Warbands are bound to the service of a strongman or petty village head. They are the basic 'unit' to be found in many barbarian armies. They fight well, as glory and loot are the road to status, but are often difficult to control. They care little for discipline and less for restraint, but they can be relied on to fight, and fight hard. In warfare it is up to each man to prove his own bravery and worth, so the savage charge into the enemy is about as sophisticated as they ever want to be!
Each man carries a stabbing spear and a large shield.
Swordsmen are steadfast and aggressive warriors, the 'infantry of the line' for barbarian warlords. They are not very disciplined at times, as their sense of honour and bravery can make them eager to get into any fray, but they are uniformly superb swordsmen. They are equipped with good swords and large shields.
Every warlord worth the name makes sure he has a couple of warbands of these hard men under his command.
Chosen swordsmen are the best fighting individuals in their tribe, and armed with the finest swords available.
While superbly skilled and extremely tough, they are not naturally inclined to fight as a group. Personal glory and the need to be first amongst the enemy ensure that they are headstrong and ill-disciplined. They are, however, very well equipped with the finest swords that the smiths can make, along with chainmail armour and large shields. They are an intimidating sight for any enemy.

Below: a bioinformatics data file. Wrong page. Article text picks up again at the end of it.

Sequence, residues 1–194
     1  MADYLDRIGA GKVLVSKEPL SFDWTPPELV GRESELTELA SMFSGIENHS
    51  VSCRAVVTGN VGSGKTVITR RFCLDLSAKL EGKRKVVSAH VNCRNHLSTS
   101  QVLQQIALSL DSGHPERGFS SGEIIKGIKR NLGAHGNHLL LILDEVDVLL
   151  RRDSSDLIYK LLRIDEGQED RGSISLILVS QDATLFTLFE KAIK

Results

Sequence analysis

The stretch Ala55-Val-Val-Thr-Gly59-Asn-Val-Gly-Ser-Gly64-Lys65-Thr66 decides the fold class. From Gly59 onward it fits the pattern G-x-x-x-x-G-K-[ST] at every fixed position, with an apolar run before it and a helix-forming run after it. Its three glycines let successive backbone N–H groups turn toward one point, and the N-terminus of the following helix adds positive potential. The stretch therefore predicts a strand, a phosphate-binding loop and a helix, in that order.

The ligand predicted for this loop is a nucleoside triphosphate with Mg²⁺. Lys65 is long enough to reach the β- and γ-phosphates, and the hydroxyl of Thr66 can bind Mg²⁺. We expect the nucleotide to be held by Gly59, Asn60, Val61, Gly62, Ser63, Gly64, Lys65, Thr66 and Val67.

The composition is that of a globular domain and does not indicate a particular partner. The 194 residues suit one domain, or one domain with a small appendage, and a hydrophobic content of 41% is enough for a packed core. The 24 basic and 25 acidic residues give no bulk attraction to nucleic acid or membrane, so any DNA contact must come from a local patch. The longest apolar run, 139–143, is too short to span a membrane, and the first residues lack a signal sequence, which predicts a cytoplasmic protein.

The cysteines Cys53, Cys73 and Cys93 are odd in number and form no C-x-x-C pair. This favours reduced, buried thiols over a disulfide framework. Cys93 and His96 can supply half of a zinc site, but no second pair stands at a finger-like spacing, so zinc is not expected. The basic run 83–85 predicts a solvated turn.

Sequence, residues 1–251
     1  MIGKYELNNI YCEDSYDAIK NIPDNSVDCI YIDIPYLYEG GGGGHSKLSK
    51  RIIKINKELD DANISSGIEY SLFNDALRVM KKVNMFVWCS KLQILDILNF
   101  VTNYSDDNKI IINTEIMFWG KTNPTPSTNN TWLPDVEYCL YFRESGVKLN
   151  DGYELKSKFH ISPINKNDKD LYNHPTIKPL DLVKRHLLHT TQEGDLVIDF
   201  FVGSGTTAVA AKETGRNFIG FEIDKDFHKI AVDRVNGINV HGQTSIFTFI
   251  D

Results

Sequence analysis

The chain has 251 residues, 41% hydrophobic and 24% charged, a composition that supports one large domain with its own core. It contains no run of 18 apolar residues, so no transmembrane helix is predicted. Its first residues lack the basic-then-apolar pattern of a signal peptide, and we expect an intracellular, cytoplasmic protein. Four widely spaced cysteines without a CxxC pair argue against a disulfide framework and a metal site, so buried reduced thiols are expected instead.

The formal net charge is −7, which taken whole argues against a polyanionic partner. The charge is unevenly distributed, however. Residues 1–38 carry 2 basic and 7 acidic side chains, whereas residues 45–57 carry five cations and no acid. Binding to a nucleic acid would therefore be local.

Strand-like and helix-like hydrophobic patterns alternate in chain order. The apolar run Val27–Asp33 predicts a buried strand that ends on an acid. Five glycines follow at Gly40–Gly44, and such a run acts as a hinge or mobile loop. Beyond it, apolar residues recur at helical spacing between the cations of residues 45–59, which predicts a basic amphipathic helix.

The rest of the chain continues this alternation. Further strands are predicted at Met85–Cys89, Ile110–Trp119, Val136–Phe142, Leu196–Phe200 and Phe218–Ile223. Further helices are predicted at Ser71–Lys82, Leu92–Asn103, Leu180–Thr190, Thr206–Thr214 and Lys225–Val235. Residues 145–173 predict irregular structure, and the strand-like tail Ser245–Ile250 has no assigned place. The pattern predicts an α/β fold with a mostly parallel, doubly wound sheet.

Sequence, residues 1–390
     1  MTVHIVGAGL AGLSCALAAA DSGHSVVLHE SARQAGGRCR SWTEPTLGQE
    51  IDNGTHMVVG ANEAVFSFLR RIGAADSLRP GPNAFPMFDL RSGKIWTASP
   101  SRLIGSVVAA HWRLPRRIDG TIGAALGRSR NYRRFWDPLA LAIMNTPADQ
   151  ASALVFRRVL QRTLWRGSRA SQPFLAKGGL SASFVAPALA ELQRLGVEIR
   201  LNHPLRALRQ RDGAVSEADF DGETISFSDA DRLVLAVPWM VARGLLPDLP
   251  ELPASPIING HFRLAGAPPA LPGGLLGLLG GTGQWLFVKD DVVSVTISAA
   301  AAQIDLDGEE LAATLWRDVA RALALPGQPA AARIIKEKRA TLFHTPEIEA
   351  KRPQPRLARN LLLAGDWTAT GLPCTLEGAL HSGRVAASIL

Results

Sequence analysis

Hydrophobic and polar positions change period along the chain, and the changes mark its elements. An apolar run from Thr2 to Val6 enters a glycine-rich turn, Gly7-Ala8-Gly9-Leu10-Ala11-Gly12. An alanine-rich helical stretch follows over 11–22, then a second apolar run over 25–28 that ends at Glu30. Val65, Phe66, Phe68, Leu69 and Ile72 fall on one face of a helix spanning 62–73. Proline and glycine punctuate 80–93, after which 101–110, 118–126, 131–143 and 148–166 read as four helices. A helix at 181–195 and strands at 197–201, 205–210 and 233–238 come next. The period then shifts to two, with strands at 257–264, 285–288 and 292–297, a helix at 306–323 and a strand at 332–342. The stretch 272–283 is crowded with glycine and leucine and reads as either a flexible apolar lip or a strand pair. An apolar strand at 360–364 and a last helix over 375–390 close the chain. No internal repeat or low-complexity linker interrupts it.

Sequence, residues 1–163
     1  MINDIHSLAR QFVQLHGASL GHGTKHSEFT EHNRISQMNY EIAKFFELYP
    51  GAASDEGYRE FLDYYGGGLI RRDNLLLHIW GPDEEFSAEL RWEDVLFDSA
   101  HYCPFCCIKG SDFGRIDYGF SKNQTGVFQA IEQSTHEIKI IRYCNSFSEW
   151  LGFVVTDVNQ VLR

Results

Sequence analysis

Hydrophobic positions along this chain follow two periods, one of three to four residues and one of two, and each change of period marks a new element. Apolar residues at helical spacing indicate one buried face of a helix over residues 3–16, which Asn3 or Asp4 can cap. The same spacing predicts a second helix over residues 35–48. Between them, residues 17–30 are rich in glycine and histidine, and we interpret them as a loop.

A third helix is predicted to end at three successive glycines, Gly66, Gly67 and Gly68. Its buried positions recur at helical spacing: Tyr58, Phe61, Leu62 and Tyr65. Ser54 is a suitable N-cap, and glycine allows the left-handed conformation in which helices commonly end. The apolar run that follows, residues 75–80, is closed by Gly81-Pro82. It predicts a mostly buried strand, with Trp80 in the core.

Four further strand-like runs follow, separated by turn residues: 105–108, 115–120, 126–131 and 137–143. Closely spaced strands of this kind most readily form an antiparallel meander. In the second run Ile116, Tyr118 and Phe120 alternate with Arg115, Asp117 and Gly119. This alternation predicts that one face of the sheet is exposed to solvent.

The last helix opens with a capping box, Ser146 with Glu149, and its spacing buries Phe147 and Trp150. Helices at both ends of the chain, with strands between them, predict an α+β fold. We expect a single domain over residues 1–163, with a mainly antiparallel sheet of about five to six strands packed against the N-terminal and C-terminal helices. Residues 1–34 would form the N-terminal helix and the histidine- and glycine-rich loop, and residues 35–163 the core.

There are warriors among the barbarian ranks whose love of battle is such that they live for little else. Clad only in flimsy loincloths, the fanatics whip themselves into a frenzy by chanting, beating themselves and drinking heavily. In this state they make an unnerving sight on the battlefield! They are best sent into battle en masse, shocking the enemy by a ferocious charge, but they should be kept away from enemy cavalry.